A few years ago, there was a celebrated and successful player I was working with, and despite his status in the game he used to always get very worried when he was coming back from injury. In fact, that very status almost made him more anxious. He was worried about living up to expectations of him.
It is something that has come to mind when watching Real Madrid in what has been a stuttering start to the season from a team that is just so good. Given how sensationally they started the campaign with the Super Cup win over Barcelona too, it feels like the initial dip in results has got to them, and that there is now an anxiety - and damaging self-perpetuating impatience - about putting it right again.
They are not as fluent as they should be, and opposition sides are creating so many more chances and openings against them. They are just becoming a bit stretched - both in terms of their structure and, now, their mentality.
They reached such a high level against Barcelona, and set such a standard, that the dropped points in subsequent league games then stunned them a bit. Of course, part of that was down to bad luck and goalkeepers having supreme displays, but what that then does is feed the anxiety so something that was freakish then becomes fixed. Bad luck can lead to bad decisions, because of the mental effect of them.
You could see it in the last five to 10 minutes of the shock home defeat to Real Betis. Their game became too stretched, with too many transitions, and every transition seemed to lead to a Betis chance.
Of course, the suspension of someone like Cristiano Ronaldo hasn’t helped, and the absence of Karim Benzema is also underrated. He is so important to how they move, to letting attackers like Cristiano score so much more. Real always play well with Benzema, he keeps the ball well and knows where and how to move in all three areas - either flank or the centre. He knows where to go to support the transition, and create numerical advantage in wide areas.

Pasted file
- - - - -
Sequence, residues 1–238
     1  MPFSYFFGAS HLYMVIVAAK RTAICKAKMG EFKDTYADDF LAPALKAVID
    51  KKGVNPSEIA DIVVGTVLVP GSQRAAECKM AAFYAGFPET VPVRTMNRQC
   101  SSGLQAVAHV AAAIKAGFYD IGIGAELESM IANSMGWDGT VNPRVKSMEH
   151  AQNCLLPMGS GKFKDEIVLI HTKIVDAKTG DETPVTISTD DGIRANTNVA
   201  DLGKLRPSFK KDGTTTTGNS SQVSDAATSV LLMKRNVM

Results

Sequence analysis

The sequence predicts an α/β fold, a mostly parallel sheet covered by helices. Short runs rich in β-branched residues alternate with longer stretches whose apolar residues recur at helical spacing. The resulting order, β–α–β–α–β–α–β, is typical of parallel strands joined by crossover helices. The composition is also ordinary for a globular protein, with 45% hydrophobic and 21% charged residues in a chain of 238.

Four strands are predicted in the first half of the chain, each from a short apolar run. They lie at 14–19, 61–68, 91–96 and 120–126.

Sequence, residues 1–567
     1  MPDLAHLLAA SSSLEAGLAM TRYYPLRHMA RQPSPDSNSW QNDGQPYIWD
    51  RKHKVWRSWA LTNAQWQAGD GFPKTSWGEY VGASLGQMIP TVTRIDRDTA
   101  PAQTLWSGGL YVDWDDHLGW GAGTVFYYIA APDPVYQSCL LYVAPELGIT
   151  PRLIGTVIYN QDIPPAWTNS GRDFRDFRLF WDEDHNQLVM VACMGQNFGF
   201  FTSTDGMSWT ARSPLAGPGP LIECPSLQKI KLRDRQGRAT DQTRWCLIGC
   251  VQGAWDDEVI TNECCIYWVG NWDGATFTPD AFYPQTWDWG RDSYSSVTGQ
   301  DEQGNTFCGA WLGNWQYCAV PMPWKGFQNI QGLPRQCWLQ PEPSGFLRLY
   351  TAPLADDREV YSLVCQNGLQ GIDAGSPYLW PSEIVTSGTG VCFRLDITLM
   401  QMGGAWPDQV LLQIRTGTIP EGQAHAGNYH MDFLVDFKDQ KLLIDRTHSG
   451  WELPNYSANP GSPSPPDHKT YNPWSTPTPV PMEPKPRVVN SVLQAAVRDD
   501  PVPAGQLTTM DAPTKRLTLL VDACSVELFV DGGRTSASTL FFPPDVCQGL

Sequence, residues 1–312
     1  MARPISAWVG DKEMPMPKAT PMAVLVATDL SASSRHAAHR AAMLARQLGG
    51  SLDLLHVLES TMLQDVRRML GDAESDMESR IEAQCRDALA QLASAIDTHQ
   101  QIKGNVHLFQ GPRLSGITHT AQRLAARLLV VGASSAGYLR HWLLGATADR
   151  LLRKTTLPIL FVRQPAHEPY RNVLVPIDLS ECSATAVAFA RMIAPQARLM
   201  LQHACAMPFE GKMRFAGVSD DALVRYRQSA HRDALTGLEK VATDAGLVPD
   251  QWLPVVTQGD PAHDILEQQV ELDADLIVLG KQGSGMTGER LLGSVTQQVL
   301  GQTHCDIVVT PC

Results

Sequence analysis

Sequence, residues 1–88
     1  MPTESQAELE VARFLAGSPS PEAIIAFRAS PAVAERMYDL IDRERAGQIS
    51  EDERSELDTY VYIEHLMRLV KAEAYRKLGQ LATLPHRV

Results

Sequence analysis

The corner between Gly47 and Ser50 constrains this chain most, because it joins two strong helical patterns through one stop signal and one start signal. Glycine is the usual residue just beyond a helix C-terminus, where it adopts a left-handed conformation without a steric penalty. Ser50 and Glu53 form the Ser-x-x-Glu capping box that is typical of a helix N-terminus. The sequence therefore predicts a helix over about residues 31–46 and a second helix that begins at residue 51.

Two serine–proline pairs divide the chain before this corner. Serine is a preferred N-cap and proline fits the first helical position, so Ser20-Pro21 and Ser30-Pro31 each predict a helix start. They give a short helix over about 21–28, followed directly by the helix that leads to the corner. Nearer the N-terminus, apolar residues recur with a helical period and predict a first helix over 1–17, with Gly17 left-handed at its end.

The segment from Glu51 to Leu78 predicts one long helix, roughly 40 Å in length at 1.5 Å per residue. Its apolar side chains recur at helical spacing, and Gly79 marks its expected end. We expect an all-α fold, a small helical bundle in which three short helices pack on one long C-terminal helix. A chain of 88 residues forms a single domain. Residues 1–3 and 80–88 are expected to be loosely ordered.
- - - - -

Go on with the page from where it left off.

That has also led to an anxiety in some of Zinedine Zidane’s coaching decisions. I was so surprised he took off Luka Modric and also Isco against Betis, two players that can link their play together, provide the calmness and composure so badly required. Instead, he went for runners, but that only increased the rushed nature of their display.
It has all fed into the general feeling that, in trying to fix this as quick as possible, they are making it worse. They no longer look patient enough to allow a game or performance to ‘cook’.
Zidane also seems to be tinkering with his team too much, something that is in fashion in Europe right now, but isn’t helping set the style. I have always found that tinkering at this stage of the season actually creates more problems, because this is when regular games are actually required help players improve - something that is not the case in February.
While I wouldn’t say any of this is a long-term concern, it will be interesting to see how they respond over a longer period.
It’s also been interesting to see how Barcelona have responded. It’s remarkable now to think how lost they looked after the loss of that Super Cup match and the loss of Neymar. Any side can only respond in one of two ways, though, by allowing negativity to take over or asserting themselves. They have emphatically done the latter, not least Leo Messi. He looks more committed than ever, as if he wants to emphasise that he’s always been the most important player. Jordi Alba has also upped his game without Neymar there, while Ivan Rakitic has clicked.
Barca’s response actually reminds me of Michael Jordan and the Chicago Bulls, upping their stats when everyone expected a drop.
Here, everyone at Barca wants to show they are more than Neymar.
There’s no anxiety there.
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